In 1767 William Hogarth’s widow Jane Hogarth, who owned his copper plates, was granted a further twenty years of copyright by Parliament. In January 1783 Jane Hogarth announced in the Daily Advertiser that the plates she was reprinting had not been retouched since her husband’s death (Paulson, Hogarth Graphic Works, pp. 19-20).

This broadside catalogue of prints available from Jane not only lists the prints and the series, sizes, and prices, but several measurements are corrected by a contemporary hand. A folio of all prints is also offered, “By Purchasing the Whole together they will be delivered for Thirteen Guineas,” as is the book, Analysis of Beauty. Only the British Library and Yale University hold other copies of the sheet.

“The following extract is from John Rocque’s map of 1746, three years before Hogarth purchased the house. The map shows the house to the northwest of the village of Chiswick, the last in the lane approaching Chiswick Common Field. I have circled the house in red.”–https://alondoninheritance.com/london-characters/hogarths-house/

A Single Drop of Ink for a Mirror

George Eliot (the pen name of Mary Ann Evans), Adam Bede (Chapter 2, page 1 of 7):

With a single drop of ink for a mirror, the Egyptian sorcerer undertakes to reveal to any chance comer far-reaching visions of the past. This is what I undertake to do for you, reader. With this drop of ink at the end of my pen, I will show you the roomy workshop of Mr. Jonathan Burge, carpenter and builder, in the village of Hayslope, as it appeared on the eighteenth of June, in the year of our Lord 1799.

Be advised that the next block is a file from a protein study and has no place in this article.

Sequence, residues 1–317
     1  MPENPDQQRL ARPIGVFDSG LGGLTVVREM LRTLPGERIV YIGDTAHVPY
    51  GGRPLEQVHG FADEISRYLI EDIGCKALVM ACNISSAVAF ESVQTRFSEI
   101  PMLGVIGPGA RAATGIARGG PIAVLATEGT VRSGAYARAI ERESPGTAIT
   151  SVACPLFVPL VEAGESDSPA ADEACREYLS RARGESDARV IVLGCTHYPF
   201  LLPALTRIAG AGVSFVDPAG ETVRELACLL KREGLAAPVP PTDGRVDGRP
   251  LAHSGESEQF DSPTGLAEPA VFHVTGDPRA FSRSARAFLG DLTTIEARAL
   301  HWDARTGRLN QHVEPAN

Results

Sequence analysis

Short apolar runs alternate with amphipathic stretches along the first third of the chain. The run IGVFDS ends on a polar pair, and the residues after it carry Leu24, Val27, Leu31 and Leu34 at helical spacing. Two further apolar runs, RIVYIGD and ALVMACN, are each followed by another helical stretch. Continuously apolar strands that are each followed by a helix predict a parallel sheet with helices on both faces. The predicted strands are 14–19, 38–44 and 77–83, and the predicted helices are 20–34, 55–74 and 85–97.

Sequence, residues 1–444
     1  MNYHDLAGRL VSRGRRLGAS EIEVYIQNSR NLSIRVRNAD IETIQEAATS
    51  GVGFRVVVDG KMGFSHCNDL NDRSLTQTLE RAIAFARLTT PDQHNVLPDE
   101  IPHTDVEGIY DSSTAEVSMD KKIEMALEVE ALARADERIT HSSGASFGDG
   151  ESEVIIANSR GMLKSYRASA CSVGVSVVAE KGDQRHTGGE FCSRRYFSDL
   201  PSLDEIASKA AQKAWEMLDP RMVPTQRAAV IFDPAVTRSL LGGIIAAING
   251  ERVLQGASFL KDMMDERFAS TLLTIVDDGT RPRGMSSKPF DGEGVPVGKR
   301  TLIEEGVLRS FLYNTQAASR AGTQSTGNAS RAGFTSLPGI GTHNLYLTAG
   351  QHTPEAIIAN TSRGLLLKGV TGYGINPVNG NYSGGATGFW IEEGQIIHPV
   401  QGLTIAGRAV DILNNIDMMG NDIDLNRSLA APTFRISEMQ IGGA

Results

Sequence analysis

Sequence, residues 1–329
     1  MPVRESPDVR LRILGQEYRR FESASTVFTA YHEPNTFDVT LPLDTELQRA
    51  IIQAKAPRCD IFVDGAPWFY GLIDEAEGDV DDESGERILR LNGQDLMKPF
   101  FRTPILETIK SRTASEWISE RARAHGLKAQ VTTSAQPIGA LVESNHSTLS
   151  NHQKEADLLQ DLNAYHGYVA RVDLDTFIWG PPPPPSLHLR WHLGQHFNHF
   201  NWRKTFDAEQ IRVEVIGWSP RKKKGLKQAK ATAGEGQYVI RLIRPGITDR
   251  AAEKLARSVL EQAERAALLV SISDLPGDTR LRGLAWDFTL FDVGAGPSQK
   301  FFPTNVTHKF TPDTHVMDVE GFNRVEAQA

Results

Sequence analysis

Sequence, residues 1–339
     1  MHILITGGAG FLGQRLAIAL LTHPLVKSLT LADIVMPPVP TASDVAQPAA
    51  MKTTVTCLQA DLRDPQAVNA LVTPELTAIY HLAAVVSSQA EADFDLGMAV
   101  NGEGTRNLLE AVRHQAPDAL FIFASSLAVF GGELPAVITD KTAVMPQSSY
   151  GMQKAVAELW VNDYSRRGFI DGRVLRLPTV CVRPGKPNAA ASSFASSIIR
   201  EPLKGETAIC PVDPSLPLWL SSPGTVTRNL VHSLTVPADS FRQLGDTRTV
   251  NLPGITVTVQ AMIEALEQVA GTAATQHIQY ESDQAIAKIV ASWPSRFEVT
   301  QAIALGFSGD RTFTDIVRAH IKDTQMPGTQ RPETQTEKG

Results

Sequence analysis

This interdisciplinary conference will focus on intersections between literary and visual art in the 19th century. A group of 21 literary scholars and art historians will present new work on the often neglected links between text and image in the long nineteenth century, from Blake to early- twentieth century photography. A small exhibition in the Princeton Art Museum will accompany the conference.

Friday, 4 October 2019
9:00 Welcome: Deborah Nord and Rebecca Rainof
9:15 Plenary Panel 1
Tim Barringer (Yale University), “Livingstone and the Lion: Image and Text in Victorian African Exploration Literature”
Ruth Yeazell (Yale University), “Words for Vermeer”
Chair: Anna Arabindan-Kesson (Princeton University)
10:30 Break
11:00 Illustrations, Prints, and Prophecies
Rosalind Parry (Princeton University), “Clare Leighton’s British Pastoral”
Joseph Viscomi (University of North Carolina), “Authenticating Blake: Life-time Impressions, Posthumous Prints, and Forgeries; or, Printing Blake: William, Catherine, and all the others”